Business owners seem to be in a constant search for one number to tell them if their company is doing well or not.
We get it. You’re busy and would much rather spend your energy doing whatever it is you do instead of staring at numbers on a spreadsheet. Having one number to look at sure would simplify things.
But which number should you focus on?
Profit seems like it would be the obvious thing to track.
On the other hand, cash flow is pretty important too.
“But aren’t profit and cash flow the same thing?”
No, they aren’t. And confusing the two can cause problems.
Cash Flow is the measurement of how money is flowing into and out of your business.
When you spend money, it goes down. When customers give you money, it goes up. And up is good…obviously better than down. You can tell whether your cash flow is positive or negative by simply looking at your bank account balance at any given point in time.
While this sure sounds like an easy way to track your company’s financial health, it can be misleading. Cash flow is only a snapshot of your financial position. It doesn’t show if you’re actually making (i.e. “keeping”) any money in the long run. For that, you need to look at profit.
Profit is the measurement of how much money is left after all expenses have been paid.
In order to make money, you have to spend money. You may have to pay a vendor or manufacturer in order to have a product to sell. You may have to buy supplies in order to provide a service. Maybe you have to rent an office in order to have a place to work. The list goes on and on.
But the moment you sell your product or service for more than what it cost you to make it, you have made a profit. That money is then yours to do with as you please. However, it doesn’t show you if you’re able to purchase more supplies or next month’s rent. For that, you need to look at cash flow.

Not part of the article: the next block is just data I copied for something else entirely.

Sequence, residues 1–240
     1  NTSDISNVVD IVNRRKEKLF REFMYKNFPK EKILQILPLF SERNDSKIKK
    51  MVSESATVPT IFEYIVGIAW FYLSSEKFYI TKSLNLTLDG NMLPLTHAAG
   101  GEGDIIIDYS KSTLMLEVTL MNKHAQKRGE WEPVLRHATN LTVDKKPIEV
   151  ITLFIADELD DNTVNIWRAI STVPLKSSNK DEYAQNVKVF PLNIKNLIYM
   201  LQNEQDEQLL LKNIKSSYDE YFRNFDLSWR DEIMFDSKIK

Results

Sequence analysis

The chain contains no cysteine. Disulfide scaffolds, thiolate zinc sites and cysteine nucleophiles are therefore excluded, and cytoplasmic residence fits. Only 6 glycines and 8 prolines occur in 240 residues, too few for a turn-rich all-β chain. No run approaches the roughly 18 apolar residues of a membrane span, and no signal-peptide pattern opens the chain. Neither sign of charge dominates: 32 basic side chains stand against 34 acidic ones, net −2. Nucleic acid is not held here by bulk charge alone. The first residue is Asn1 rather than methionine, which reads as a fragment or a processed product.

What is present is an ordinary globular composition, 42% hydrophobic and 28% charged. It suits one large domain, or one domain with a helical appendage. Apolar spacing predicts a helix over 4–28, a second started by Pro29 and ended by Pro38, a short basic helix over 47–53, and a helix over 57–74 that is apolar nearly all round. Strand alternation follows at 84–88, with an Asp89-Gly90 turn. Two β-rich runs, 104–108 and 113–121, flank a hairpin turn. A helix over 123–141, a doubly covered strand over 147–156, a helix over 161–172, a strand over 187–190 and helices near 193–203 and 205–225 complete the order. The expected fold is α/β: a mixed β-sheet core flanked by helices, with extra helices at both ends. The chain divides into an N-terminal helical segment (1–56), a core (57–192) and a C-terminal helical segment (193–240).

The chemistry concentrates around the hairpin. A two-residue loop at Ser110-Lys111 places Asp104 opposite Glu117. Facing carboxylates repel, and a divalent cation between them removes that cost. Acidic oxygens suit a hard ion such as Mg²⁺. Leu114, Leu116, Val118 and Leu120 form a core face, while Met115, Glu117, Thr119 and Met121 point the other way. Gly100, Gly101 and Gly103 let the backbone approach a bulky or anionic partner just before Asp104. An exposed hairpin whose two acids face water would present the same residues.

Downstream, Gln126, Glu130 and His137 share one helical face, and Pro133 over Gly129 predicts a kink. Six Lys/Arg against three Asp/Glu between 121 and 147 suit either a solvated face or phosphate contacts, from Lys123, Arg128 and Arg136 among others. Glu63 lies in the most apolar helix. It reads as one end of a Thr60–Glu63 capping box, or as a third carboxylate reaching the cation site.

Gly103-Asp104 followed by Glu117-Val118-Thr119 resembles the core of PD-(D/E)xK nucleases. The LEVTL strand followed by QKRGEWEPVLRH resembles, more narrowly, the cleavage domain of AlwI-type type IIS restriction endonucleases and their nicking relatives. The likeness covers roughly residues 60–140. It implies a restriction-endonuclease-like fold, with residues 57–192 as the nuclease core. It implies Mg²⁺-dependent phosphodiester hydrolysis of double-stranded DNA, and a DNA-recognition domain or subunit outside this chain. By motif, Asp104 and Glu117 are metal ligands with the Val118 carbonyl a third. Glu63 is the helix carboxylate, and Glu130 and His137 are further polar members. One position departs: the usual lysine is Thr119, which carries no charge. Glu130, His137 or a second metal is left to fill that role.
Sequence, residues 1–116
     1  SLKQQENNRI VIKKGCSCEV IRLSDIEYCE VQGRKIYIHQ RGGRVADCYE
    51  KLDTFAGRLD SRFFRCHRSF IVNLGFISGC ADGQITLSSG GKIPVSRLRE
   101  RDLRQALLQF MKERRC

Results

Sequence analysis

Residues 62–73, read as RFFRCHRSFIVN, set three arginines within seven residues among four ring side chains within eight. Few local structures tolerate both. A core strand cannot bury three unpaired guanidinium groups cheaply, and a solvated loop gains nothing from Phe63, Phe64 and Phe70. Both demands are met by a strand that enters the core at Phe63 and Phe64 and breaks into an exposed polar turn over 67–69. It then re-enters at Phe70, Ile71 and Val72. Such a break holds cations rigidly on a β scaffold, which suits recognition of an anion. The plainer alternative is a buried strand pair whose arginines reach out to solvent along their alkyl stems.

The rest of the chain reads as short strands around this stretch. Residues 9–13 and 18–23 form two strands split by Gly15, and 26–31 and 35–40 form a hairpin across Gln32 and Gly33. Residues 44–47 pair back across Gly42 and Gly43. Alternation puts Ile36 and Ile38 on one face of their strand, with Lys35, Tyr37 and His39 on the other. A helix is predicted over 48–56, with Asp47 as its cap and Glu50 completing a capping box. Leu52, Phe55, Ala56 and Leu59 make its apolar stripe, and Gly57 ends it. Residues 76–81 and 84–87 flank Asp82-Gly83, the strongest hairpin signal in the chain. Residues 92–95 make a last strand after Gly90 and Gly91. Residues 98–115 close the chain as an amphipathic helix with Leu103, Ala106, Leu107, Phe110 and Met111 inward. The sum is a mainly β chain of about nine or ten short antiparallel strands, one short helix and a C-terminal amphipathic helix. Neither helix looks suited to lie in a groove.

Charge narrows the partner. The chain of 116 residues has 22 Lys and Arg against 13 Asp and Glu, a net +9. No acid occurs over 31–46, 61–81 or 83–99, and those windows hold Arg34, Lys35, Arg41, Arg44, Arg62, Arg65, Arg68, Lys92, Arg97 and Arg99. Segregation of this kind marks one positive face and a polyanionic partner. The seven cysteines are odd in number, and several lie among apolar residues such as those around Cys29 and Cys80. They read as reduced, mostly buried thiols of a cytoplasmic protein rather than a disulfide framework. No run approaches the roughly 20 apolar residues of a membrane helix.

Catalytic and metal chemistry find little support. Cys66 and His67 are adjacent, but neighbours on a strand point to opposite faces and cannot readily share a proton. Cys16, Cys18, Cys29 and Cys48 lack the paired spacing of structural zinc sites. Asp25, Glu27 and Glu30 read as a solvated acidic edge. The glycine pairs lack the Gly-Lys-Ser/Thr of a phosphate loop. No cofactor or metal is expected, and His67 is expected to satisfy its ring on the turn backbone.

“So I need to know both?”
Yes. We know it can get confusing, but both reports—P&L and Cash Flow—are valuable for getting a total picture of your financial position. That’s especially helpful when it comes time to make important decisions about the future growth of your company.
For instance, it is completely possible for a business to show a profit, yet have a negative cash flow because of runaway spending or high overhead. Likewise, it’s possible for a company to have plenty of cash on hand, yet not show a profit…which is the case for many small startups and businesses that are in a period of intense growth in order to compete at a new level.
Investors deciding if your company is worth buying into and owners looking to grow will want to know both pieces of information in order to make wise decisions.
To truly maximize your company’s potential, make sure you know all of your numbers. The best way to do that is to partner with a firm that not only understands accounting but understands you and your business too.
CRS CPA has been teaming up with businesses large and small for over 40 years. We not only know the numbers you need to be seeing, we know how to help you use them to grow and win.
Schedule a call today to learn more!